Wed, May 17, 2006 - Page 5 News List

Local guardian in no hurry to leave Indonesian volcano

AFP , KINAHREJO, INDONESIA

Despite a looming eruption, life ambles on as usual at the highest hamlet on the southern slope of Mount Merapi for the volcano's ceremonial guardian.

Marijan, the guardian, is even following his regular routine of hiking towards the smouldering mountain's peak.

The steep mountain road ends in the hamlet of Kinahrejo, where women bent under heavy bundles of grass trudge down from higher up the volcano. Elderly men gossip under the trees as the occasional motorcycle putters through.

"Everyone is out cutting grass for their cattle," says Sugeng, a man in his 30s.

Danger zone

Kinahrejo lies at the highest point of the danger zone, where the highest alert was issued Saturday after heat clouds started to belch ominously from Merapi's crater.

The alert means these residents should have been whisked to safety.

Most people appear to have remained and to be going about their daily chores. Together with Pelemsari, another hamlet just to the south, 77 families or just over 250 people normally reside here.

"How else are people going to pay their electricity bills, the fares for their children to go to school, or the instalment on their motorcycle bought on credit?" asks Sugeng, from the veranda of Marijan's home.

Many of the women head to a shelter during the evenings but return during the day, while the men stay on to guard their prized possessions -- the dairy herd.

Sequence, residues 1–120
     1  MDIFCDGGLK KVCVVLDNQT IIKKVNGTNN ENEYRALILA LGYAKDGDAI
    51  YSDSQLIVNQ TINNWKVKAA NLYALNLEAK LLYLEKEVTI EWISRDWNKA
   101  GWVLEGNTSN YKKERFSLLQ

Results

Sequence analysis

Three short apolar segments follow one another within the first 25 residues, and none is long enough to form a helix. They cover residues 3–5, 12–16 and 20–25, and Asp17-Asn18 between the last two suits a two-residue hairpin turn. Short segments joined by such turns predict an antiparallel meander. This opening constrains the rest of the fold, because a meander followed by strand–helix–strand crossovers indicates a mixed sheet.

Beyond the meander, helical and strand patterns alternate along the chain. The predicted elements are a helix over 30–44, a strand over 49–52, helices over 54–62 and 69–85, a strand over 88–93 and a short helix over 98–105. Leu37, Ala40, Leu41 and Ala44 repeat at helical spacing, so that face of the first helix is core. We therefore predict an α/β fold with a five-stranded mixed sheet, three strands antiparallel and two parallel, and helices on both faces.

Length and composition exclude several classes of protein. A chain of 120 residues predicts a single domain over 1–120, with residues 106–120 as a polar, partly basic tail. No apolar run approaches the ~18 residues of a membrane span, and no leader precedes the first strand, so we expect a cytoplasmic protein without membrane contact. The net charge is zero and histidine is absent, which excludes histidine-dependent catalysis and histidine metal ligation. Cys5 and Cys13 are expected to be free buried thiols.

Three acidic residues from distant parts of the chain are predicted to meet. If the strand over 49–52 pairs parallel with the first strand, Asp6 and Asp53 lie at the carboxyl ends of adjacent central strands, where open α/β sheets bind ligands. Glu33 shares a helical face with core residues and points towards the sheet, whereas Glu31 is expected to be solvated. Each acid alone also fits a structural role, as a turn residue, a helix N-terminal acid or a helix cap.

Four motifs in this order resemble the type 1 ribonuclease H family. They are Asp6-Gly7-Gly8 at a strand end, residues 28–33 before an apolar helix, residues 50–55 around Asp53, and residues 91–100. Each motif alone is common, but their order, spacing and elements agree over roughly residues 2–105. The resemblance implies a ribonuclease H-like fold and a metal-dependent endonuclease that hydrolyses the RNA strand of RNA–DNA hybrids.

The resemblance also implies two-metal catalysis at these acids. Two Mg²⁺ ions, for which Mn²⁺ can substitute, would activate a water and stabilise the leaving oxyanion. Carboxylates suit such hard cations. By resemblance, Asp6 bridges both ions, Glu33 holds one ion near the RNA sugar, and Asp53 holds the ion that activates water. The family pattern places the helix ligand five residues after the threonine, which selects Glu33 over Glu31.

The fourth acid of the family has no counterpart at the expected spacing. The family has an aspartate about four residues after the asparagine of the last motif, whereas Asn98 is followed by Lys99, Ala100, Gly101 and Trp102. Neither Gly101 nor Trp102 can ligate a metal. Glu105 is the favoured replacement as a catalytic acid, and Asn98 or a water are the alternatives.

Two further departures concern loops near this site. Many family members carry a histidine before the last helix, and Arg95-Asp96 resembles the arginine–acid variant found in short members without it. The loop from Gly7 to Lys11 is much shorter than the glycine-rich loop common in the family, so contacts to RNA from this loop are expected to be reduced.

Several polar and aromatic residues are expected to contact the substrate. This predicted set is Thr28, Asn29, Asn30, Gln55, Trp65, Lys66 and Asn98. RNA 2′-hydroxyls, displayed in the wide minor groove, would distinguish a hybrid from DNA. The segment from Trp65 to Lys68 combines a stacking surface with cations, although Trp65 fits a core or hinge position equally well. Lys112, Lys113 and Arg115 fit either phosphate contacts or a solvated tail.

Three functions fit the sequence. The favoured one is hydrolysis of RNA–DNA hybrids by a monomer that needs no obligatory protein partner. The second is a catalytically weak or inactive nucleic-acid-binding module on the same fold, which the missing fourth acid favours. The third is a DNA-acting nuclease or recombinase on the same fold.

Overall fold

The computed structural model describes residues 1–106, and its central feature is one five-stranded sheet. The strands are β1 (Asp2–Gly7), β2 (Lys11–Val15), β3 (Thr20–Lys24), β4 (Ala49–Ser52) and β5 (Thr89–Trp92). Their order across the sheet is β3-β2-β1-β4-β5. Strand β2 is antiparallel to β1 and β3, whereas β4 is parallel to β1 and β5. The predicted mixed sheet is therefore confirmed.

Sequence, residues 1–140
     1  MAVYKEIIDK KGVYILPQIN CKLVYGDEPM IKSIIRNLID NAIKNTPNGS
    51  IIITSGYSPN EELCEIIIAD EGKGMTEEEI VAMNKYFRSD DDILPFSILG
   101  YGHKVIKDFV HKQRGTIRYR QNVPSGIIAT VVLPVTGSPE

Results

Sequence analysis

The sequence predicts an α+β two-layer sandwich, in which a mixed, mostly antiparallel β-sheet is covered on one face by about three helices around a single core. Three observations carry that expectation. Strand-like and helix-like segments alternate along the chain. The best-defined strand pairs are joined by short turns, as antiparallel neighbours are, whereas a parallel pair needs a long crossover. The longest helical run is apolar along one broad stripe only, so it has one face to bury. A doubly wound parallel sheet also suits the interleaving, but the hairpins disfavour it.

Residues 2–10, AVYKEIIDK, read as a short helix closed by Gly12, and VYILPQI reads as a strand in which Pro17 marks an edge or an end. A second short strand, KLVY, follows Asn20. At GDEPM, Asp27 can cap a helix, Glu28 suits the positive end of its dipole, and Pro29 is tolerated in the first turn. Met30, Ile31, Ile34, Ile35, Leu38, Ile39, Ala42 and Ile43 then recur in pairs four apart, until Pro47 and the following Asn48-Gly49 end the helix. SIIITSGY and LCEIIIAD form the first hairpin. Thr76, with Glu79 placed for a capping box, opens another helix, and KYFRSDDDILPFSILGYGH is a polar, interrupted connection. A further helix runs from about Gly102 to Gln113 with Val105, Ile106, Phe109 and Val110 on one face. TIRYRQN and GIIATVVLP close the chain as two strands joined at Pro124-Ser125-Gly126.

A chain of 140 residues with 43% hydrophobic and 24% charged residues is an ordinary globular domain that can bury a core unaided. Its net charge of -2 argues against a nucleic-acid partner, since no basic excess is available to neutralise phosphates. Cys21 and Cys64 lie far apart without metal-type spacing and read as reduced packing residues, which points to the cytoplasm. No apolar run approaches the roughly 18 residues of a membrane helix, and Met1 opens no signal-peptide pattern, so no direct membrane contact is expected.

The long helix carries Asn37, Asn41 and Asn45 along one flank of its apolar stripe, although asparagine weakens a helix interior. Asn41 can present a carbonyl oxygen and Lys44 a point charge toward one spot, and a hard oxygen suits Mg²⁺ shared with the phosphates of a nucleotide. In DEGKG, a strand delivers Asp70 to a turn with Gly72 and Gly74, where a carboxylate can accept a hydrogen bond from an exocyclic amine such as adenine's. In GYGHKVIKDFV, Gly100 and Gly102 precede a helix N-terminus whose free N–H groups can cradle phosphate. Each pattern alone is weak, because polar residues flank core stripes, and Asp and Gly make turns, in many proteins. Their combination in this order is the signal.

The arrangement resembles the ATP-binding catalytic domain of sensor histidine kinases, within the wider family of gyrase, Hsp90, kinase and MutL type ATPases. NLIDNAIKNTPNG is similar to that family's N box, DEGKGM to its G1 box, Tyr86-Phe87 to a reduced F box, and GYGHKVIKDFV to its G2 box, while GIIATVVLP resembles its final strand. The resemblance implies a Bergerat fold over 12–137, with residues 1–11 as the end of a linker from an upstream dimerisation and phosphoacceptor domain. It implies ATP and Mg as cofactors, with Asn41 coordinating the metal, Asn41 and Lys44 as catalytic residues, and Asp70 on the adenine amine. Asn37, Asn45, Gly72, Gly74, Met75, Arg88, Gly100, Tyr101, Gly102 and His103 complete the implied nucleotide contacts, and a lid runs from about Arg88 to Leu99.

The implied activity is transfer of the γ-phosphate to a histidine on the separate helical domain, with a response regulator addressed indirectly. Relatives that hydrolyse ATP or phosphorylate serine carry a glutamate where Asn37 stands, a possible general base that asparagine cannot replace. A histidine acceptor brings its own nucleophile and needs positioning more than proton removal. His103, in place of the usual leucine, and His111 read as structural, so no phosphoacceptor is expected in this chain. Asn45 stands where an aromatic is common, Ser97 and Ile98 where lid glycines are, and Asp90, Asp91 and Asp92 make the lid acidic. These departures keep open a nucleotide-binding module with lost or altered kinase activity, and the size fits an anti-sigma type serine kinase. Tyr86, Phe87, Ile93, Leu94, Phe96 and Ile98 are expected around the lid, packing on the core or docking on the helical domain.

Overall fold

Marijan, appointed to the post of customary guardian by the highly respected Sultan Hamengkubuwono of Yogyakarta, has refused to budge -- in fact, he has gone higher up the slope towards the smoking peak from where red-hot lava has been searing trails down the volcano's flanks.

Meditation

"He went up the mountain this morning to meditate," says one of his daughters-in-law, Muniarsih, noting that he typically leaves just after dawn and returns in the afternoon.

The customary guardian is considered Merapi's safekeeper. He organizes annual ceremonies that see the royal palace make offerings to the volcano to placate the spirits of ancient Javanese mysticism.

Marijan has said he has not yet seen any sign that the mountain is about to unleash its fury, even though heat clouds rolled down the volcano's slopes on Monday to distances of 4km.

Another member of Marijan's family, who declined to give his name, said that the guardian frequently makes trips to Sri Manganti, a small platform just below Merapi's peak, on Thursday evenings.

Marijan is a man everyone listens to. His refusal to evacuate has been respected by authorities -- and has only encouraged others also to stay on.

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